In the two decades since the Taliban lost control of Afghanistan, living conditions have improved significantly, including tremendous advances in health care, education, life expectancy and child mortality.
But endemic corruption and violence slowed progress, and the downsizing of troops and aid in recent years has diminished one of their greatest sources of income, with economic repercussions.
Afghanistan’s former central bank governor Ajmal Ahmady, who fled the country last weekend when the Islamist group returned to power, told the Financial Times that anyone who downplayed the improvement in Afghans’ lives “is belittling the changes that have occurred.”
But dr. Gareth Price, a senior research fellow at the Chatham House think tank, said that while Afghanistan has “changed dramatically” socially, “none of the major domestic growth engines – particularly mineral reserves – except illegal mining.”
The economy has grown – but is now stagnating
The standard of living benefited from double-digit economic growth until the mid-2010s. But production has stagnated for the past decade as international financial support declined.
According to the World Bank, aid flows fell from around 100 percent of GDP in 2009 to 42.9 percent in 2020, which restricted activity and employment in the service sector.
International money is expected to dry up completely under the Taliban and threaten the very survival of Afghanistan’s legal economy.
“Since much of the economic progress of the past 20 years has been built on outside support, Afghanistan’s return to global pariah status is likely to pull the rug out from under its feet,” warned Gareth Leather, Asian economist at Capital Economics . “A sharp decline in GDP and a decline in socio-economic development seem almost certain.”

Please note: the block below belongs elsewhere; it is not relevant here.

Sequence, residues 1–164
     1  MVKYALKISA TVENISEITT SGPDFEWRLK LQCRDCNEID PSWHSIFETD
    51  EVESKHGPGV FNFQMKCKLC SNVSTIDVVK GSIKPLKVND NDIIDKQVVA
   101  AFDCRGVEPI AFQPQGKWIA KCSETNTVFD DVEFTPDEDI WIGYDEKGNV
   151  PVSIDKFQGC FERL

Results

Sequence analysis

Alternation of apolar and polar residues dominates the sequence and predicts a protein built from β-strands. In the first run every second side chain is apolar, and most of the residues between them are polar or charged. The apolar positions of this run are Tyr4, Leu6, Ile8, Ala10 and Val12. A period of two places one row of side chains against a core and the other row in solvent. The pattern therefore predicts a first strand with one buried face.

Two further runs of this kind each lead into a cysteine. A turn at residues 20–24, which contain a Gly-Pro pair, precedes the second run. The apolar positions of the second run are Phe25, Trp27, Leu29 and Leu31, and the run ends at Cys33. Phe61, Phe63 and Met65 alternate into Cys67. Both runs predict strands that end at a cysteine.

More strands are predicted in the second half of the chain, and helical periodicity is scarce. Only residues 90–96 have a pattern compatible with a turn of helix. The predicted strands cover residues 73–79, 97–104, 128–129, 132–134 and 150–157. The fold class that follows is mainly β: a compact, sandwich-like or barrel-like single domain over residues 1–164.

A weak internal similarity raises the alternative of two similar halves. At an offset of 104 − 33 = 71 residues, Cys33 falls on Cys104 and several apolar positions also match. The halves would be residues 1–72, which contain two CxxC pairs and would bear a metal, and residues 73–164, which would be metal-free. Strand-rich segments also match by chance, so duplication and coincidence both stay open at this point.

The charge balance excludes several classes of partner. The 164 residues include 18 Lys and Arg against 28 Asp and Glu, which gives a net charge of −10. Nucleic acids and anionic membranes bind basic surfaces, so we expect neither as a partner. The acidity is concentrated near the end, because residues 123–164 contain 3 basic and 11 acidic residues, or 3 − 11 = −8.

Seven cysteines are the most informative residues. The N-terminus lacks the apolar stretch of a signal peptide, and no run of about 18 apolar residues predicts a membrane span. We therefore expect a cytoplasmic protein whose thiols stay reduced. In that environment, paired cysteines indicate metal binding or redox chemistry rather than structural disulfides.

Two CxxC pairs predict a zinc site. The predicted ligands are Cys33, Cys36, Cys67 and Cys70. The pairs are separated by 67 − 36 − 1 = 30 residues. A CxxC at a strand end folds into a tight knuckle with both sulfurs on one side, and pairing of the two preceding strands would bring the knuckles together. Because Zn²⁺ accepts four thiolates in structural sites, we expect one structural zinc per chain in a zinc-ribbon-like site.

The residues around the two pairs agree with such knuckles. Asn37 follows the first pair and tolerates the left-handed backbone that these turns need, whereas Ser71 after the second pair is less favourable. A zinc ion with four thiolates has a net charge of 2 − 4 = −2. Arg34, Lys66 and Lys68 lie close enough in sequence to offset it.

The end of aid “has the potential to cripple a large portion of the modern economy and service jobs,” said Anthony H. Cordesman of the Center for Strategic and International Studies, a think tank. He asked how Afghanistan could create a “legal” economy if aid stopped.
Afghanistan legally exported only about $ 1 billion in goods in 2020, according to the International Trade Center, a multilateral agency – less than neighboring Tajikistan, despite its population being four times larger.
Half of official exports consist of grapes and other fresh fruit, although the importance of agriculture has decreased with the expansion of the service sector.
However, Leather warned that official data should be treated with caution, as “one of Afghanistan’s greatest products is illegal opium, which of course does not appear in the national accounts.”
Experts conclude that the informal economy accounts for up to 80 percent of total Afghan economic activity, so official growth estimates are of limited use.
Standard of living improved
Despite the patchy overall economic development, the everyday lives of many Afghans have noticeably improved. Health care and education became more widespread, death rates fell, and the use of technology became more common.
According to the World Bank, around 60 children under 5 died per 1,000 births in 2019 – that number has halved since the turn of the century, the fastest decrease in child mortality in any low-income country.